As the new General Assembly gears up in 2015, lawmakers will face even greater pressure to water down testing and accountability. Already, two high-priority bills have been introduced with provisions that, if passed, would further weaken Ohio’s new testing and accountability framework. The first provision is a test-time cap; the second is a delay on the stakes associated with Ohio’s new high school tests. Both provisions, while politically popular and seemingly insignificant, are flawed and should be rejected.

Test-time caps

Senate Bill 3 is designed to identify areas ripe for deregulation in education—a needed and overdue endeavor. Some of the recommendations in the bill are sound, like eliminating the needless third-grade test given in the fall. But one recommendation is a hard cap...

Chances are, you’ve heard something in the past year about test mania. Everyone from superintendents to parents to retired educators has an opinion; even Secretary of Education Arne Duncan suggested tests and test prep are dominating schools. Given all this attention, one might assume that students spend hundreds of hours each year taking tests—perhaps even more time than they spend actually learning. A recent report from Ohio Schools’ Superintendent Richard Ross paints a very different picture.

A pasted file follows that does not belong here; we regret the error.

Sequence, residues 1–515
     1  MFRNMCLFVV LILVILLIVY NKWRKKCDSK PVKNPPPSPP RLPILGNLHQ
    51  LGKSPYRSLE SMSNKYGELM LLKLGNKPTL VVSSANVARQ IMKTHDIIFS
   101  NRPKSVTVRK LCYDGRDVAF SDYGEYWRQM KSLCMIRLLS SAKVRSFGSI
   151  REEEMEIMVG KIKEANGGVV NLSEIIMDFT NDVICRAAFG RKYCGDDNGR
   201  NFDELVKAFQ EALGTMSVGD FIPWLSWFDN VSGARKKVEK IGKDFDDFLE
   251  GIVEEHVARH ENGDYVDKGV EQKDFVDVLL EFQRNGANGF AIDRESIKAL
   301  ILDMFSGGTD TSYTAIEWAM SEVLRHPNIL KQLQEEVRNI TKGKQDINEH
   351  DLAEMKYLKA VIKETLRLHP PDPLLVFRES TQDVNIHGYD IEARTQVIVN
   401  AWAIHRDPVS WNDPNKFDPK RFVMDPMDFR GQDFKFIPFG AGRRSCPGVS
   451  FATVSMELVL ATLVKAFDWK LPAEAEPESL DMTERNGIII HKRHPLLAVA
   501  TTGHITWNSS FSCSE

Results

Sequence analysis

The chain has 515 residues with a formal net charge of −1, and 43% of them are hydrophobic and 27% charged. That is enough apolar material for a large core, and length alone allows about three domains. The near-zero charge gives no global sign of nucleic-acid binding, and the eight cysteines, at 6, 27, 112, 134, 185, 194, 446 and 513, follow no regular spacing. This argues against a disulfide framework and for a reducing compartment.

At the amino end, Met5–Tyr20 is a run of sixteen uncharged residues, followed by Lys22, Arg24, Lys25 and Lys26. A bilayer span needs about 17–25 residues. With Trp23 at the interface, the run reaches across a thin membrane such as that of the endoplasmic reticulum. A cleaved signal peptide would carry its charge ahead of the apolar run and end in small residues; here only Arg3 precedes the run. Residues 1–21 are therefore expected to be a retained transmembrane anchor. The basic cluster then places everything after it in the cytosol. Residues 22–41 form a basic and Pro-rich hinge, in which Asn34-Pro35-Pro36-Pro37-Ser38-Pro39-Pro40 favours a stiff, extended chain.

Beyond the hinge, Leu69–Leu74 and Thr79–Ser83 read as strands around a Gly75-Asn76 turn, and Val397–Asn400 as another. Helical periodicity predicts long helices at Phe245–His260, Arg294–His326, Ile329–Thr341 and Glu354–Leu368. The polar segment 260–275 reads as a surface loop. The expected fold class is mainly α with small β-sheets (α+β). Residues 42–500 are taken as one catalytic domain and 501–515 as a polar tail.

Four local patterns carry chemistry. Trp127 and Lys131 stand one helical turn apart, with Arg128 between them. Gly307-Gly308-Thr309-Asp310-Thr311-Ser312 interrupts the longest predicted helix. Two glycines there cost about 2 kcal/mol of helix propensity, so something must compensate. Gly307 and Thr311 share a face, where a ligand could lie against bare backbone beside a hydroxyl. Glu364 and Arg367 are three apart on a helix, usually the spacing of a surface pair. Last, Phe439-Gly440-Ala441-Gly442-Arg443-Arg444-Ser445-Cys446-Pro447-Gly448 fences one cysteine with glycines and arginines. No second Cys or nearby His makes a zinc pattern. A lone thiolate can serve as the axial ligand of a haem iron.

The report, required by state law, reveals that Ohio students spend, on average, almost twenty hours taking standardized tests during the school year. (This doesn’t include teacher-designed tests, but does include state tests.) Twenty hours is a good chunk of time, but when one considers that the school year in Ohio is about 1,080 hours total (it varies by district and grade level), that means testing only takes up about 2 percent of the year. (Report results show that students spend approximately fifteen additional hours practicing for tests, but this additional time only raises the total percentage to 3 percent).

Regardless of this small percentage, critics of standardized testing make some valid points. No one wants quality, in-depth learning...